Until a couple of years ago, I lived close to a ‘Punjab-Sindh’ dairy, that sold the softest, creamiest paneer; a place where you can walk in and ask for the exact weight that you need, as little as 100 gms, or as many kilos as you like😀. Didn’t realize until after moving cities that Fresh Paneer is a luxury, not available in many parts of the country. I reconciled to buying the packaged variety from my local supermarket, but it just didn’t hit the spot. And so began the DIY paneer experiments! Surprisingly, making soft, homemade paneer takes only 3 ingredients + water. Milk, lime juice and salt!
And the paneer making process itself takes all of 10 minutes! Here’s what I’ve learned through trial and error – the secrets to making soft paneer at home:
- Local dairies in the north often use Buffalo milk to make paneer; the higher fat content produces a creamier end product. Now since I can’t get my hands on buffalo milk, full fat milk is the next best alternative. Skimmed is NEVER going to work!
- Cooling down the curdled milk with cold water (before its drained) prevents the curds from overcooking and getting chewy. This is an essential step to achieving a soft texture.
- Washing out the lime! – most DIY paneer recipes use lime juice as the acid to curdle milk. This can impart a slightly sour taste to the paneer if not washed out. This recipe takes care to rinse the curds while draining them.
- SALT! Like with any recipe, don’t forget to add salt. Unseasoned paneer doesn’t really taste like anything.
- Do not over-drain. 1.5 – 2 hours of draining is adequate; any longer and the block of paneer is compressed a bit too much and will get hard.
- A perforated mold (while not essential) helps achieve an evenly shaped block of paneer. While you can totally do without a mold, but its an inexpensive piece of equipment that you can find online. Here’s a picture of the one I use:
The following recipe isn’t going to deliver Punjab Sindh dairy quality paneer,(they’re the experts!), but I promise you it delivers paneer that’s way better than any packed variety you’ll find in the refrigerated section of super market! Bonus: A litre of milk will give you roughly 240 gms of paneer, so its also a more cost-effective option.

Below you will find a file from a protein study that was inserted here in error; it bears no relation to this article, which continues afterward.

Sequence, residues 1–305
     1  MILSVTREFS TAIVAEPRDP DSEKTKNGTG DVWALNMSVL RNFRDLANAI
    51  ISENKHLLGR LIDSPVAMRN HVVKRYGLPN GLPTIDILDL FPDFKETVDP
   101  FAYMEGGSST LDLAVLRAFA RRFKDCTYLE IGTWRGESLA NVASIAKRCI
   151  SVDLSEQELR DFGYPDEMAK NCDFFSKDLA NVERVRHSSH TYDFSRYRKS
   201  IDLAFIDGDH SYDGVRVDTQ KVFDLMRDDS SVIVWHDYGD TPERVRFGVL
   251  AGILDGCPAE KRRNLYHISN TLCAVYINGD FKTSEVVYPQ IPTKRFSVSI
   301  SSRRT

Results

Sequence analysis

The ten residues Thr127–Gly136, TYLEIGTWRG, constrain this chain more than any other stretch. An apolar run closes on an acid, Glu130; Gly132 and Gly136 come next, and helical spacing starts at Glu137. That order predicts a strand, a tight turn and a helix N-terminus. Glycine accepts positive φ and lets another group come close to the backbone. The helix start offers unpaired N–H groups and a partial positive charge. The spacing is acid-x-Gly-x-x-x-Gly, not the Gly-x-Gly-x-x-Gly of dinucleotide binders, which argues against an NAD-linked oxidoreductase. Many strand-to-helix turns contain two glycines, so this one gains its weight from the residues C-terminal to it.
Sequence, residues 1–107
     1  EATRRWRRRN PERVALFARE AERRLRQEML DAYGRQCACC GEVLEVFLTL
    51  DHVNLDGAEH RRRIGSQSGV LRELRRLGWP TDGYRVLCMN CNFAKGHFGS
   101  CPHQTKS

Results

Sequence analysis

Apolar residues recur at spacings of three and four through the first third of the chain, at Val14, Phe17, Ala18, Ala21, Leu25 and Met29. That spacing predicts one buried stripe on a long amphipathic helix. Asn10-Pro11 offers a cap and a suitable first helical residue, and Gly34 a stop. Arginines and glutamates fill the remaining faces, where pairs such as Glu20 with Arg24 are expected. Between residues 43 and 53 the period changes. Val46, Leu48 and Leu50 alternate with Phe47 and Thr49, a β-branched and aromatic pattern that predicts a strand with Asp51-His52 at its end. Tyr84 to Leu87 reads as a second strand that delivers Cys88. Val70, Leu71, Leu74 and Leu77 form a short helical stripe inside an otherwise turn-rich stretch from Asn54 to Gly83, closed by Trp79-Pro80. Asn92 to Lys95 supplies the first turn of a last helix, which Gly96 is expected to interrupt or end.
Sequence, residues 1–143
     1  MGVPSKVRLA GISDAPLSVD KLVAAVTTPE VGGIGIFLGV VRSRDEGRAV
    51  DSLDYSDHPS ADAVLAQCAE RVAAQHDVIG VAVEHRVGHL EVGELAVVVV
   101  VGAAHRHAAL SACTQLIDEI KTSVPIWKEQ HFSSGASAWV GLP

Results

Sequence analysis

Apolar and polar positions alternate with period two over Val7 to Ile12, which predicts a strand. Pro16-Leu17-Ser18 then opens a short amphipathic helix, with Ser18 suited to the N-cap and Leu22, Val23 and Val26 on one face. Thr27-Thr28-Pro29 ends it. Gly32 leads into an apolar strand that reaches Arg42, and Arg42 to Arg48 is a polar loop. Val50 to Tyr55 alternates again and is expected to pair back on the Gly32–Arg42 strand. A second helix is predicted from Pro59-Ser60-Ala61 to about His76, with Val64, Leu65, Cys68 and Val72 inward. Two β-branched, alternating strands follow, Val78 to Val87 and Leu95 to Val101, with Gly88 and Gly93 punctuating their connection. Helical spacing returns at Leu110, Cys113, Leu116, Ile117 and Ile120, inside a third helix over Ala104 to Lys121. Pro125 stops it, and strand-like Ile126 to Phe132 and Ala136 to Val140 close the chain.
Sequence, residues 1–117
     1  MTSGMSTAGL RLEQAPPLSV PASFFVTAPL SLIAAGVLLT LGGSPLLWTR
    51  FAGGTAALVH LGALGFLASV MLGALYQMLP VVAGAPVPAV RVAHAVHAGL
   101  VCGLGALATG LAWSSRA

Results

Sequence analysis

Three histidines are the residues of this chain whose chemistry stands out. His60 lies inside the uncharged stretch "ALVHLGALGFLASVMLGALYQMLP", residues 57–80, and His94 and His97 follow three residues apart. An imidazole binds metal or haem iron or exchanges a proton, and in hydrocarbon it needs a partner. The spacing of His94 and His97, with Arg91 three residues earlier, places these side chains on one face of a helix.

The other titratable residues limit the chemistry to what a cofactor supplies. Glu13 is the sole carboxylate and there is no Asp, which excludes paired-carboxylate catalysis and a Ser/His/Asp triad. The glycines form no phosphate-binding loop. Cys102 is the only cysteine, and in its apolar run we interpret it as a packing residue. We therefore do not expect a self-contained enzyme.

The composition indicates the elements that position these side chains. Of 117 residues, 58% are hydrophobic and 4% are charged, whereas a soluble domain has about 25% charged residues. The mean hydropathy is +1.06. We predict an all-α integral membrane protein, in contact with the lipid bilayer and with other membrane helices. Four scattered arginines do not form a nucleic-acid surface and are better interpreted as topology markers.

Recipe: Home-made Paneer
- A Strainer
- A Muslin Cloth (Any thin cotton cloth)
- A large Saucepan
- A Perforated Paneer Mold (Optional)
- 1 Ltr Full Fat Milk
- 1 – 2 small Limes
- Salt [to taste]
- 1 Ltr Cold Water
- Bring a litre of full fat milk to the boil in a large saucepan.
- Once the milk has come to a boil, turn the heat down to minimum. Add the juice of 2 small limes and stir gently until it begins to curdle. Turn the heat off as soon as the milk begins to split.
- Pour a litre of cold water into the split milk to stop the curds from cooking any further.
- Place a sieve/ strainer over a large bowl that's big enough to collect the moisture that drains out of the curdled mixture. Line the strainer with a muslin cloth; pour the curds and whey in. Now rinse the curds with some more water to remove the sour taste of the lime!
- Gather up the ends of the muslin cloth and twist to squeeze the water out.
- Once you've got most of the water out, add salt to taste and stir well!
- Place the drained curds (still in the muslin cloth) into a perforated mold. In case you don't have a mold, just fasten the top of the muslin cloth into a knot.
- Now place something heavy (I use a mortar) atop the drained curds to force more moisture out. Keep the weight on the draining curds for 2 hours.
- Remove the paneer from the mold / muslin cloth. Cut into cubes of desired size and use as needed!
Here are just a few pieces cut from my home-made paneer block. Look how soft and creamy! Just one note while cooking with them: If adding to a gravy, do not stir too much after the paneer is added, or the tender cubes will begin to disintegrate.
Give this recipe a go if you’re in a DIY mood or just craving good home-made paneer, and let me know how it goes in the comments below🖖